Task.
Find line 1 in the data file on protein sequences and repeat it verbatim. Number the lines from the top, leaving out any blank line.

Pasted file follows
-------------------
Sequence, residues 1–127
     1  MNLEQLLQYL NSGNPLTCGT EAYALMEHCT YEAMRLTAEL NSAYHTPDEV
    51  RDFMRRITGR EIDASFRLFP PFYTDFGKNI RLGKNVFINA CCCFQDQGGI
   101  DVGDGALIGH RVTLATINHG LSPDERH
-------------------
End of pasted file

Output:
Sequence, residues 1–127